“I think back to my earlier life and I wonder what would have motivated me to attend a workshop that taught me about beliefs and relationships.”
The honest truth is, it’s highly unlikely I’d have found the reason, my attention was mainly fixed on improving my situation; believing my girlfriend and future wife needed security and a man who was a provider. I believed she was attracted to money I needed to earn it.
“From very meagre beginnings (semi-literate on leaving school) I strived to retrain and find better paid work. Being a fairly shallow young man, provided there was enough sex, I felt my relationship was okay.”
I did as much as I could to care for my girlfriend and make her happy. Due to my background I believed my role was to care for my girlfriend almost as if she was a dependent. Little did I know at the time, dependency was in fact the attraction. Her mother was an old fashioned dependent housewife and that was ultimately the aim of my girlfriend: to become as dependent as her mother. Daughters often become their mothers. I remember thinking, even at the time, that her mother seemed nervy and slightly neurotic; the outcome of a dependent life.
“In time, I rejected all the emotionally dependant people from my life (luckily children weren’t involved) as on some level I realised, that the model of behaviour (caring for the emotional wellbeing of others) taught me in childhood, was of no real value to anyone (disempowering) and definitely not a recipe for happiness.”
As hard as I may have tried, I never fully managed to break from the model of caring for others, because I didn’t fully understand how and why I was doing it. All I knew, was that after a short time in a relationship, I’d reject it, as the vampires became close and emotionally dependent on me.
If we offer a human being a shortcut out of their responsibilities, they will nearly always take it. We must remember: we’re drawn to people on many different levels, and those seeking this way out would be extremely attractive to me; mostly on an unconscious level of course.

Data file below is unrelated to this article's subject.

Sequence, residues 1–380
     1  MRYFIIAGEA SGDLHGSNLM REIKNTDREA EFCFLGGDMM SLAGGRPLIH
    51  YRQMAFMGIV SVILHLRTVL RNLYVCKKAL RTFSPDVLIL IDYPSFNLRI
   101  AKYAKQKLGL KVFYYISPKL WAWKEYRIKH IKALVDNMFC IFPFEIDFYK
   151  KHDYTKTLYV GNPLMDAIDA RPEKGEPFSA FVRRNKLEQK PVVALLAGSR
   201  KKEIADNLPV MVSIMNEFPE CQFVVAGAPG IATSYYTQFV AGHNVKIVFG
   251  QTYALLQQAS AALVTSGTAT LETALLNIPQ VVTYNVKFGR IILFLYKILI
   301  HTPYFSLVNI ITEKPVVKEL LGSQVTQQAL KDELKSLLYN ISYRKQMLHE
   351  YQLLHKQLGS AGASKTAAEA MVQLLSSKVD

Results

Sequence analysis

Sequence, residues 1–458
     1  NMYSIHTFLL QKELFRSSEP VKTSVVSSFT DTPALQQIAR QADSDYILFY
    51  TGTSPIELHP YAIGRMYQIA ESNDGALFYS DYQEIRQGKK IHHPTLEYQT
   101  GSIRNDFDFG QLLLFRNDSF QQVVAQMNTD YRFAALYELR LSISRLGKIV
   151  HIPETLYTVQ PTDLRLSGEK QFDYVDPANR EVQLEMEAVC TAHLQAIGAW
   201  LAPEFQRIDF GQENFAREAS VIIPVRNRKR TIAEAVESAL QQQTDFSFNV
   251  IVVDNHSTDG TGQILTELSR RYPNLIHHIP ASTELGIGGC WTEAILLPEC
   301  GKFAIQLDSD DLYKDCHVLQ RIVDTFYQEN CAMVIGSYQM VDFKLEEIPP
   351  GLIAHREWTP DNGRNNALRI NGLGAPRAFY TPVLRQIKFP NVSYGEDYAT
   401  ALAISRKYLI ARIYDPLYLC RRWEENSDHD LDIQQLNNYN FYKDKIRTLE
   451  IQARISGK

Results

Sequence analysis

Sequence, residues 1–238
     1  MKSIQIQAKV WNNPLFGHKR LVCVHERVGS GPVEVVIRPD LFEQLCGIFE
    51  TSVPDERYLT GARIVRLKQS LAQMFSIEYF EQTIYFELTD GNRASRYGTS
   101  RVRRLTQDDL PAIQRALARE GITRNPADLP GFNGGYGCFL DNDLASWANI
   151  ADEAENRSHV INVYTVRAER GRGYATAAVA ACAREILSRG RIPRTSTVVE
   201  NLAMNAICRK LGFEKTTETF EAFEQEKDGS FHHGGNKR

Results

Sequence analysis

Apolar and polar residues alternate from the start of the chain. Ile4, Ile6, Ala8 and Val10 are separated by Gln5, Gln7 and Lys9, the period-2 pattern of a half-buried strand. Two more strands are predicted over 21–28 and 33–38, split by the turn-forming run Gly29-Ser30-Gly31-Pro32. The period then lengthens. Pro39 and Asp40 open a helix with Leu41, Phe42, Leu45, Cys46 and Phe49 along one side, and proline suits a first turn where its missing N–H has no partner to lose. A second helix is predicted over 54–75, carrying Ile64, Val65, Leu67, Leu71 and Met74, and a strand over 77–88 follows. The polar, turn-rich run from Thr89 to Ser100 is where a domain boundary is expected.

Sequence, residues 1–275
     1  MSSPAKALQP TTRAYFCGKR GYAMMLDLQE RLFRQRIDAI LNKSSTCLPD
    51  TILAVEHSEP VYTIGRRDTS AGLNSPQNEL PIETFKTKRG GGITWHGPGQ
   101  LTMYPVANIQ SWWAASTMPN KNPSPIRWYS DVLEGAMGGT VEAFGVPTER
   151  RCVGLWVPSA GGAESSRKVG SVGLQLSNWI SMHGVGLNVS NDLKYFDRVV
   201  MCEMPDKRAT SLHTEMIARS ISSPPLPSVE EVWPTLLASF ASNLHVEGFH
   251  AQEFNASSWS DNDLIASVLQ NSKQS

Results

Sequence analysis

“This human tendency, toward taking shortcuts, is the main reason for my suspicion of our modern health care systems today.”
Many doctors, nurses and all manner of health care professionals, have simply become surrogate parents for those who lacked parental care during their childhood. The human mind will crave this kind of love if not provided when needed. The transition from childhood to adulthood is assisted when the kind of love we experience evolves. If all we seek is a caring love, that belongs in childhood, we then remain stuck. This has the effect of weakening society as a whole. Why do we imagine our healthcare system is creaking at the seams?
“The troubles of the NHS can’t be all about money, much of it is due to the unnecessary demand brought on by needy, dependent adult-children, whose body-minds have found the ultimate solution to receiving a caring love: illness.”
“And so, in a sense, attendance on a workshop when young would have been like jumping into a time machine showing me the dangers of the path I was about to follow. The question remains though: what would have motivated me to go an a workshop when my mind was elsewhere?”
I suppose the answer to that question lies in belief: I would have needed to believe in someone who introduced such an education to me. There would have also needed to be some kind of hook that appealed to my young mind. No doubt the prospect of a less tormented life, and being shown the example of a life filled with love and joy, would have motivated me to think again. At the time though, no such educational programme excised, it does now. Think again?